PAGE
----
Janet Murguia, president of the National Council of La Raza, a Hispanic civil rights group, said the immigration bill is a "significant milestone" but she expressed some concerns, including its failure to "keep pace" with the country's "changing society." She said it sends "mixed messages on family immigration," abandoning the country's "historic commitment to family unity" by eliminating some families, including binational same-sex families."
And Laura Lichter, president of the American Immigration Lawyers Association, said, "For LGBT couples, an individual married in the United States but who does not have another way to stay in this country, that individual is at a roadblock and cannot immigrate under current law or even under the current proposal."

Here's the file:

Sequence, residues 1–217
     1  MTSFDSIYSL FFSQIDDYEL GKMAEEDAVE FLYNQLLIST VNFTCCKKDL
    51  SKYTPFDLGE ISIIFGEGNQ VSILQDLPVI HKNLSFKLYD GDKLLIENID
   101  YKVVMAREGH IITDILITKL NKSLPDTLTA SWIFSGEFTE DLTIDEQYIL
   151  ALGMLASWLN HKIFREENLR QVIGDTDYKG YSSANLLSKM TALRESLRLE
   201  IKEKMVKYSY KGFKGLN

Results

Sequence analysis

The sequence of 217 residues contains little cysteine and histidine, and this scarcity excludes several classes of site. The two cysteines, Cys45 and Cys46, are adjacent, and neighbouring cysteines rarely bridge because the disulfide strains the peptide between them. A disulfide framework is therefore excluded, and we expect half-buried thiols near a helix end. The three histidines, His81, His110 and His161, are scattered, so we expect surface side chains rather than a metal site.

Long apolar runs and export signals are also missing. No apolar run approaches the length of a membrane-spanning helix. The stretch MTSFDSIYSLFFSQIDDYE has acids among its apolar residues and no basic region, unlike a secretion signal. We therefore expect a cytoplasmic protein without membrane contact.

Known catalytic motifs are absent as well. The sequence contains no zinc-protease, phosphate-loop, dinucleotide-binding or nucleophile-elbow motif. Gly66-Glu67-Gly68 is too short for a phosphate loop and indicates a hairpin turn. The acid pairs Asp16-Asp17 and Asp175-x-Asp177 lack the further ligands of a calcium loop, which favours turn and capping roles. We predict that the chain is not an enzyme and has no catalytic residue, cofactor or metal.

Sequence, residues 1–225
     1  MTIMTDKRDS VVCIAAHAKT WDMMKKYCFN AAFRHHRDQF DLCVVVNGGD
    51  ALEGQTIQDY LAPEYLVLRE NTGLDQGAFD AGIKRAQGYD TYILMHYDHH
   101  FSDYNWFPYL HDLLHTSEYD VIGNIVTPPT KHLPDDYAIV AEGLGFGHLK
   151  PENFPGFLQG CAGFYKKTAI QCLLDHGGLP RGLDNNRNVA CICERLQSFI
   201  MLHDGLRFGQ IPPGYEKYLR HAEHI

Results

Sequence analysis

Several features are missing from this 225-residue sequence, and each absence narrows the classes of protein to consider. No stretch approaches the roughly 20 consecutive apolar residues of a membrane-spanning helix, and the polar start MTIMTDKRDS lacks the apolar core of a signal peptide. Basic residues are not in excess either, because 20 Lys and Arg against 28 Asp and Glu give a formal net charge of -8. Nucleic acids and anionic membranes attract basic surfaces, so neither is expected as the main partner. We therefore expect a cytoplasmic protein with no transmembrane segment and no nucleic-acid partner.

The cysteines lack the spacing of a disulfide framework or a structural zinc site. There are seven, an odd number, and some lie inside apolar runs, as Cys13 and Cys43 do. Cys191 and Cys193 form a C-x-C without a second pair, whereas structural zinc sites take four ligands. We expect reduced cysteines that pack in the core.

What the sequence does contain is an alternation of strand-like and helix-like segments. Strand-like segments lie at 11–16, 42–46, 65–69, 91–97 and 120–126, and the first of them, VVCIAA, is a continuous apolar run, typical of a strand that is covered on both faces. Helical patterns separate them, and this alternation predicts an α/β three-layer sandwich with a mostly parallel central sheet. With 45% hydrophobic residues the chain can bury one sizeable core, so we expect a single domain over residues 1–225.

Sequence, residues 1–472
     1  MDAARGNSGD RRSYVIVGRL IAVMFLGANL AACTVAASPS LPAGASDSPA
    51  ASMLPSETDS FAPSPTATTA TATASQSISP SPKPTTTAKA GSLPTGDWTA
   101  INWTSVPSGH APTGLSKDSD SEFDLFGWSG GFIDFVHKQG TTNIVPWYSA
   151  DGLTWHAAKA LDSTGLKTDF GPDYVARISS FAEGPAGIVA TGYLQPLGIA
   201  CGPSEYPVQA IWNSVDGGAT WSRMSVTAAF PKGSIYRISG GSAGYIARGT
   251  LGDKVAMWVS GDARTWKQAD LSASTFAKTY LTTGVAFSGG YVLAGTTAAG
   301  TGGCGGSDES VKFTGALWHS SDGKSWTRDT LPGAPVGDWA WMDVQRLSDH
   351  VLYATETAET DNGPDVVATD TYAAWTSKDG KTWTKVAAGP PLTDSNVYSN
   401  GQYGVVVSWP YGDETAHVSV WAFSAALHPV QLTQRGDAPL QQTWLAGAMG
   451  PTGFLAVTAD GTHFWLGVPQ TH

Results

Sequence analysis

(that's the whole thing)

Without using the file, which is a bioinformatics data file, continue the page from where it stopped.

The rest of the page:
President Barack Obama told a web chat in February that LGBT couples "should not be treated differently when it comes to any aspect of American life, and that includes our immigration laws."
Monday's hearing, said Ralls, was "an important reminder to senators of both parties that this is a bipartisan problem, impacting both Democratic and Republican families, and fixing it deserves bipartisan support."